Grant Maher shares his perception of the uses to which archives may be put, including preservation of historic buildings or landmarks.
Early on in my work with the Theodore Roosevelt Center and the Theodore Roosevelt National Park (TRNP) collection, I reviewed materials concerning the establishment of the park, and the attempt to reconstruct the Elkhorn and Maltese Cross ranches. Though not conducting any research, I found it very interesting to track the progress of this project over time. National Park Service (NPS) employees went to great lengths to research the history of these structures and to make a historically accurate reconstruction of the cultural landscape in western North Dakota.
One of the reasons I wanted to be an archivist was to make history available to the public. This means making the physical documents accessible to researchers, and also, by extension, allowing people to use my work as a springboard for a host of potential uses. When I began my work reviewing metadata for the TRNP collection, I wondered just what uses people would make of this interesting collection of documents. As an archivist it can be difficult to anticipate just when and to what degree documents will be used.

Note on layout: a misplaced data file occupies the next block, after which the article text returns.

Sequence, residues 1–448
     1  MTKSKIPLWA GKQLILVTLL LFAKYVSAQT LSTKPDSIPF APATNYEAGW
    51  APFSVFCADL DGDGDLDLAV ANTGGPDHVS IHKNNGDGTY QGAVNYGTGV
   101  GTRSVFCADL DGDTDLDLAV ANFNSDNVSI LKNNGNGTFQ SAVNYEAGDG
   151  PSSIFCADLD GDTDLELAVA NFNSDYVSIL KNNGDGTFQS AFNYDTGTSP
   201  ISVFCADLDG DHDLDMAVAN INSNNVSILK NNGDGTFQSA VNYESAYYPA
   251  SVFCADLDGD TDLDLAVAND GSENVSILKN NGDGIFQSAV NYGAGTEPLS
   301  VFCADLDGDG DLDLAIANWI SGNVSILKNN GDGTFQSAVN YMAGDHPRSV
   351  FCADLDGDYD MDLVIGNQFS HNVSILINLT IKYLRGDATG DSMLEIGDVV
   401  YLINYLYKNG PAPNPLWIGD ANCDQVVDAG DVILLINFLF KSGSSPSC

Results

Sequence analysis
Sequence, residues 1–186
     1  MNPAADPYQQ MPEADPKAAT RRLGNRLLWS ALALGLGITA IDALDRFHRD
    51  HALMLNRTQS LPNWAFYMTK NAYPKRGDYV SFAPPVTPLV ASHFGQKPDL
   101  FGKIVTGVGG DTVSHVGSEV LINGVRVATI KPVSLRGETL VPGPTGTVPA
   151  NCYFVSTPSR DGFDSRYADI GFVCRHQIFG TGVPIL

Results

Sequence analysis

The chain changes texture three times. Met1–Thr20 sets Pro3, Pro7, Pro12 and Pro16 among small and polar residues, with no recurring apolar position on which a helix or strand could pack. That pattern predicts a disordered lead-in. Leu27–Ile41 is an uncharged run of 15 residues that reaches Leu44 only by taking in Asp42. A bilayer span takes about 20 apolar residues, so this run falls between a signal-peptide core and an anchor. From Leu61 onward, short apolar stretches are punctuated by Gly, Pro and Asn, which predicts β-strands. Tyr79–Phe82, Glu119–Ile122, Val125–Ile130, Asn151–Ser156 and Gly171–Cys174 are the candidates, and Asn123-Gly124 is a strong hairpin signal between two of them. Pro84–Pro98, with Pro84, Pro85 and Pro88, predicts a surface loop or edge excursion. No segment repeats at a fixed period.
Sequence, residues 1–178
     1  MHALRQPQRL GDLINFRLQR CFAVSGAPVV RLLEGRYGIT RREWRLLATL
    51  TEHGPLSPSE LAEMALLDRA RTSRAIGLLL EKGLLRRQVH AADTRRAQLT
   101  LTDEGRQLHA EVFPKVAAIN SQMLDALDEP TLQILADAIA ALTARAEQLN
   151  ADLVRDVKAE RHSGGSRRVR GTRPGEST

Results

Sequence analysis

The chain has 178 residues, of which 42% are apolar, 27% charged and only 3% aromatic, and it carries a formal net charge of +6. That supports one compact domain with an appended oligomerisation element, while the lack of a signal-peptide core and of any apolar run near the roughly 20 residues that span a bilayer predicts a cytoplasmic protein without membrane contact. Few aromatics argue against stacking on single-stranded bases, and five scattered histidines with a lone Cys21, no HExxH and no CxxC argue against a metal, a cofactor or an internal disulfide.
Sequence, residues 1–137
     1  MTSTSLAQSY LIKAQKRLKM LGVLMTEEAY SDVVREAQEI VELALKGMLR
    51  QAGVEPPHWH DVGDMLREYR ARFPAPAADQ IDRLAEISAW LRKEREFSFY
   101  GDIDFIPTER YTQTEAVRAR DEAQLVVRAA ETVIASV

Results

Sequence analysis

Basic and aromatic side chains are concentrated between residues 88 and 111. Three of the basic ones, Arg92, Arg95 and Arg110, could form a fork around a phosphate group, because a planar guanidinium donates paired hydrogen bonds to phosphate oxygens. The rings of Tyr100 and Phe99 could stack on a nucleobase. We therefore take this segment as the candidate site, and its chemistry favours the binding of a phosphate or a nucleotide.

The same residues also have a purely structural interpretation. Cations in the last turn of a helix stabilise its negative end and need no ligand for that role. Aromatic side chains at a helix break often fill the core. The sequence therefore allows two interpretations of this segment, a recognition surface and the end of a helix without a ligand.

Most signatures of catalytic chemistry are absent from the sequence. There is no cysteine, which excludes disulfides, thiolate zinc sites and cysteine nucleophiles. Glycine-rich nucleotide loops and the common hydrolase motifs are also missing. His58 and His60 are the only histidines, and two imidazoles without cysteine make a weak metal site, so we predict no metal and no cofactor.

However, I was interested to learn that the Elkhorn Ranch was announced as one of America's 11 Most Endangered Historic Places for 2012 by the National Trust for Historic Preservation (NTHP). While a place on this list is bittersweet, it was exciting to know that my work may be of immediate use to researchers. Furthermore, having just completed course and practicum work in historic preservation, I was excited to know that documents from the TRNP collection could potentially help in this preservation effort.
While it remains to be seen just how and if the Elkhorn Ranch can be preserved, Jenny Buddenborg of NTHP has already provided an update and progress has been made.Â Buddenborg notes that NTHP has been working with the NPS, the U.S. Forest Service and private land owners in order to help preserve the ranch. Preserving this location will indeed involve the cooperation of many interested parties, as it has for many years. In my own work, I found that NPS employees consulted a number of groups in the establishment of the park in general and specifically the reconstruction of the Elkhorn Ranch. I find it encouraging that this cooperative work continues to happen, and even that I am participating in it. I have greatly enjoyed being a part of this project, and contributing to such a valuable resource.
Grant Maher recently earned a Master of Arts degree in Public History at Appalachian State University, and has accepted a position as a processing archivist with History Associates, Inc.